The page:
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Tuesday, December 19, 2006

Women in science: the narrow band of acceptable behavior

The NY Times today has a piece about several recent conferences about the inclusion and exclusion of women in/from top-tier science departments. At Columbia, Harvard, Rice and CUNY, speakers offered explanations for why relatively few women who study science in college land professorships, particularly (especially?) at high-prestige schools:

One issue is negotiating skills, said Daniel R. Ames, a psychologist who teaches at Columbia University’s business school and who spoke last month at a university-sponsored symposium, “The Science of Diversity.” Dr. Ames said that when he asks people what worries them about navigating the workplace, men and women give the same answer: How hard should I push? How aggressive should I be? Too little seems ineffective, but too much comes across as brash or unpleasant.

Answering the aggressiveness question correctly can be a key to obtaining the financial resources (like laboratory space or stipends for graduate students) and the social capital (like collaboration and sharing) that are essential for success in science, he said. But, he told his mostly female audience, “the band of acceptable behavior for women is narrower than it is for men.”


Even today, [said Madeline Heilman, a psychologist at New York University], the idea that women are somehow unsuited to science is widespread and tenacious. Because people judge others in terms of these unconscious prejudices, she said, the same behavior that would suggest a man is collaborative, judicious or flexible would mark a woman as needy, timid or flighty.

The article mentions research that found that employers, prefer resumes with male names than female names. Google came up with nothing on that research, but it did point me to reports of a fascinating study by professors Marianne Bertrand and Sendhil Mullainathan that found that resumes with identical content generated 50% more responses if they carried a typically white name than a typically black one. The study was called "Are Emily and Greg More Employable Than Lakisha and Jamal? : A Field Experiment on Labor Market Discrimination" [link to abstract], which suggests that there may be illuminating findings with regard to gender as well as race, though they never summarize the results according to gender. They seem to have collaborated on many fascinating papers with appeal in the Freakonomics vein (see four interesting abstracts) are hidden behind the great ivory firewall, but this one is freely available [pdf].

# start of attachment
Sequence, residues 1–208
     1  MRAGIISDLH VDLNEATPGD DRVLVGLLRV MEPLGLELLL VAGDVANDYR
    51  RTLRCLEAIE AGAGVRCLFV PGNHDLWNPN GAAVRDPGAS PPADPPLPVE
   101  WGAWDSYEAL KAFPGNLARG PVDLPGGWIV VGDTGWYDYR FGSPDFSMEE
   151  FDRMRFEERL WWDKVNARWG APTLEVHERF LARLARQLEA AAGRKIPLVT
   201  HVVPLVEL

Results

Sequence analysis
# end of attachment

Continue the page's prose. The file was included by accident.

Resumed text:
Though this study doesn't directly apply to the question of gender discrimination in academic appointments and tenure, a similar form of implicit bias may be at work here. For a white man, it's sometimes hard to believe that racism, sexism and other forms of oppression persist in causing widspread damage in America; and if I believe it in word, that doesn't mean I know it to be true intimately. But evidence like this is arresting (and I encourage you to try Harvard's implicit association test yourself). Clearly, vague and seemingly inconsequential learned associations in all of us hugely limit the ability of most Americans to chart the course of their own lives.

This study only looks at the bias involved in one decision: whether to call back a prospective job applicant. But that means more than just that black applicants need to send out a few more resumes than whites do. Bias may be involved in countless small decisions over the course of hiring and working: having responded, whether to schedule an interview; having interviewed, whether to interpret energy as eagerness or aggression, and whether to hire; having hired, whether to assume little contact is a sign of dedication or of low work output; having been convinced of dedication, whether to promote.

Daniel Ames, the Columbia prof quoted above, discusses one way this kind of compounded bias dogs women:

Women who assert themselves “may be derogated,” he said, and, possibly as a result, women are less likely to recognize negotiating opportunities, and may beapprehensive about negotiating for resources when opportunities arise. That is a problem, he said, because even small differences in resources can “accumulate over a career to lead to significant differences in outcomes.”

The framework of this explanation could be applied to the question of why women turn away from science and math in elementary school, high school, and college. Compounded expectations, assumptions and differences in treatment may mean that small differences in cultural treatment day-to-day cause large differences over the course of an education. Genetic differences in predisposition for interest in math and science could still play a role, of course, and if they do exist, could help fuel a viscious circle that props up stereotypes against contrary evidence and stacks the deck against women every time they make a decision--conscious or subconscious--regarding interests, dedication and career path.

A last note -- one speaker saw a silver lining to the Larry Summers gender-fender-bender:

At the end of her talk, [Yale molecular biophysics professor Joan Steitz] displayed a chart showing rises in the proportion of women in the Massachusetts Institute of Technology faculty. There were few until the passage of civil rights legislation 40 years ago, when the numbers jumped a bit and then leveled off, she said. The numbers jumped again in the late 1990s after a report criticized the institute’s hiring and promotion practices as they related to women.

“We now have another plateau,” Dr. Steitz said, “and it’s my fervent hope that Larry Summers, God bless him, and the report that’s just come out will have this kind of impact.”